More than 3 years later and people still don't understand FTP.
rotocol is meant to get files from a local machine to a remote one (or vice versa). As operating systems on both machines mostly differ(ed), one feature was to automatically convert line breaks in text files (Windows
uses CRLF, Unix
uses LF, Mac OS
uses CR, and others
) so neither the user on the local machine, nor the one on the remote machine have to suffer from "foreign" line breaks using their editors.
Nowadays this is almost obsolete, as most editors can deal with all kinds of line breaks. Likewise the FTP mode (ASCII versus Binary) is not that interesting anymore as a feature. If your file size on the local machine differs from the one on the remote machine, then line breaks have been converted (on Windows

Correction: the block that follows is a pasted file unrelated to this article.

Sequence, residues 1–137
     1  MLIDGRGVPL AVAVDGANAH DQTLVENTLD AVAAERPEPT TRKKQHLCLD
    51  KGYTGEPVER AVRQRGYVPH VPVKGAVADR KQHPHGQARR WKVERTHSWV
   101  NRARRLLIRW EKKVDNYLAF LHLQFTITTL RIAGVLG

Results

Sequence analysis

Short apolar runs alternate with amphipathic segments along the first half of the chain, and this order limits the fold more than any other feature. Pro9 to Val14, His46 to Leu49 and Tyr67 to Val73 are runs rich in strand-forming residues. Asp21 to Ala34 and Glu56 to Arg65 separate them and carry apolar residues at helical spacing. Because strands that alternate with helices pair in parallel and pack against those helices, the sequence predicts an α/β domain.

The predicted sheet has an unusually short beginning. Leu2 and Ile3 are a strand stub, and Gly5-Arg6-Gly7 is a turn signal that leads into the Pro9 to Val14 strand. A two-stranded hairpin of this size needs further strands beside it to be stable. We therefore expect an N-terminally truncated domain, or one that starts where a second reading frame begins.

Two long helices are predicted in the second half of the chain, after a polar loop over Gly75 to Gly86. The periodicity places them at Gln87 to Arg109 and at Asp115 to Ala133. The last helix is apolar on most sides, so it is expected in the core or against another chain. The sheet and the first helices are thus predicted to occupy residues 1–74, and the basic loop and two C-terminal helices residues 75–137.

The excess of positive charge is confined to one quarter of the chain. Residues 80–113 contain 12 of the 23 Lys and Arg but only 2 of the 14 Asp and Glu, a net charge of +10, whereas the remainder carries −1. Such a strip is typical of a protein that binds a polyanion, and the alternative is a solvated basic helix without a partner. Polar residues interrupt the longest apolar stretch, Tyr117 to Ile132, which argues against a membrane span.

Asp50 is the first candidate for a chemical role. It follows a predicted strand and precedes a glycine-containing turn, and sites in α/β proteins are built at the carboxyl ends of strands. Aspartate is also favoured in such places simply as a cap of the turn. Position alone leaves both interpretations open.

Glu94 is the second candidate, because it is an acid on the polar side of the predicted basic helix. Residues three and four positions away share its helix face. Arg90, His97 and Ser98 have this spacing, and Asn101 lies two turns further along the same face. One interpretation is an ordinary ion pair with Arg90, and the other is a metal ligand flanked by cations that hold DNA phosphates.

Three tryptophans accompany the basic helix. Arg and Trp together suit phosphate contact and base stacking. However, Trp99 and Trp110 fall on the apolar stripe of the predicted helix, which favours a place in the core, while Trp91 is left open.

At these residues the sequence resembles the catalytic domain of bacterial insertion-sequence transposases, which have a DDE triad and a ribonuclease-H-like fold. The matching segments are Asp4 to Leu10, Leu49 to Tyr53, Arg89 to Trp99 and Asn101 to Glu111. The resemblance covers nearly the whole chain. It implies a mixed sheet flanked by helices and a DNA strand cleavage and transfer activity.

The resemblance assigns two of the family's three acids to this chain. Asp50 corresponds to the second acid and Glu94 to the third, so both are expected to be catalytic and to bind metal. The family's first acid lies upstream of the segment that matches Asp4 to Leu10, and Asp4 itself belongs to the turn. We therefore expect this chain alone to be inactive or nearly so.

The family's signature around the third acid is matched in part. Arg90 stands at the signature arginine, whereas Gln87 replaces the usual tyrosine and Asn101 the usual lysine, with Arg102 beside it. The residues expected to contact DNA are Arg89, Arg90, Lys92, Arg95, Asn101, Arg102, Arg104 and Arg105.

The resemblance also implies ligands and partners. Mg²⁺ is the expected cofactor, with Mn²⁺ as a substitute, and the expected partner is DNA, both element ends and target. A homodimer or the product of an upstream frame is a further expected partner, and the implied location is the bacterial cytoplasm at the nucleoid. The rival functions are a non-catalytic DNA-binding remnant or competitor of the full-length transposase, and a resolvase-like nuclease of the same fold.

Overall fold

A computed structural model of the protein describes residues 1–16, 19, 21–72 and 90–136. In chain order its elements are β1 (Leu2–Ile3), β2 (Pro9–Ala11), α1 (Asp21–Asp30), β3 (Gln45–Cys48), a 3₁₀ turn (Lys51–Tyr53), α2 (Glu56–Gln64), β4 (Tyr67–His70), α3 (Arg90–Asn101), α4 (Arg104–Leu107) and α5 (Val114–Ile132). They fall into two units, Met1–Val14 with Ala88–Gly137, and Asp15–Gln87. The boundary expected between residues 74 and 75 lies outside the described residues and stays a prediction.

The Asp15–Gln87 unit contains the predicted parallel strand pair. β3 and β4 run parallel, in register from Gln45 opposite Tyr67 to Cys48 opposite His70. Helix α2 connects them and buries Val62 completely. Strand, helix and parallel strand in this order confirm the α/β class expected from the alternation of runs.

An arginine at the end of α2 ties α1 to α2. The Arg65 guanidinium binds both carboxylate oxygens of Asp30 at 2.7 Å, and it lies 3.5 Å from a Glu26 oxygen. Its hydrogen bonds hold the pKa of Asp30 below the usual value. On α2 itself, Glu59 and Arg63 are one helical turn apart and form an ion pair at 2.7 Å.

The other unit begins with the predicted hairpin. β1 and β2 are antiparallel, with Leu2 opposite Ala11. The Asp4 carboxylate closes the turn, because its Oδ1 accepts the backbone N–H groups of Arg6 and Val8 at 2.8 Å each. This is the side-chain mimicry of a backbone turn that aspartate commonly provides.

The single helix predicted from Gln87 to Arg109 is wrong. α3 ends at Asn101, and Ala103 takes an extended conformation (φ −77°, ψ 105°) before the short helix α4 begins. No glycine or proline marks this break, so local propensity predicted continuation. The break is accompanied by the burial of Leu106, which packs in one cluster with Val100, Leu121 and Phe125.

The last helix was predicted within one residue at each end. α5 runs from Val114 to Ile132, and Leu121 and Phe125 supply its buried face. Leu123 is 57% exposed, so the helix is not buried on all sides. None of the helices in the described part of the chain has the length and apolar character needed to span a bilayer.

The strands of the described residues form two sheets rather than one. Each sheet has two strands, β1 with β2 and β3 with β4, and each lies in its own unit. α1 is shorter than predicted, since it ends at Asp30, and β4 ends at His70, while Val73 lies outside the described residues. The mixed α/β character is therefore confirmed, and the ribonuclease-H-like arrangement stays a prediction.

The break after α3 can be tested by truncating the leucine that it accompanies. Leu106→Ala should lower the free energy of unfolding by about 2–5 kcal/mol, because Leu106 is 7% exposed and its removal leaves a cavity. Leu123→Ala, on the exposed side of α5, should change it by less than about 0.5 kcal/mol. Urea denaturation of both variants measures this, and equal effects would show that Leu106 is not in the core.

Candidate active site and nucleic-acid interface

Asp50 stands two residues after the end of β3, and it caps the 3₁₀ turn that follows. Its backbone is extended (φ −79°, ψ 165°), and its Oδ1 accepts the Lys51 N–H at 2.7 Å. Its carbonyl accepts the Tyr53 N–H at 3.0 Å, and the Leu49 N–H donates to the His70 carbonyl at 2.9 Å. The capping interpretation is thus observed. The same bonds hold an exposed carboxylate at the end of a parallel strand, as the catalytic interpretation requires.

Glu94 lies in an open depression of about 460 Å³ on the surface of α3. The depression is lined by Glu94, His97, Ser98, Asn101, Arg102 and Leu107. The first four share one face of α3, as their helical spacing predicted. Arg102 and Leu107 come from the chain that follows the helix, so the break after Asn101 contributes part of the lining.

text files should size the most, as their line breaks consume 2 byte, whereas on Mac OS
they should size the least, as line breaks consume only 1 byte).
However, this was intended for text
files only back then. Manipulating binary files always breaks them - as the corresponding bytes are not used for line breaks at all. But your FTP clients (speak: programs) can't essentially detect which files are binary and which not - file names
don't help either (just because it has an extension which is
it doesn't automatically mean its content is textual).
Is it really that much confusing/difficult? Just switch off a feature.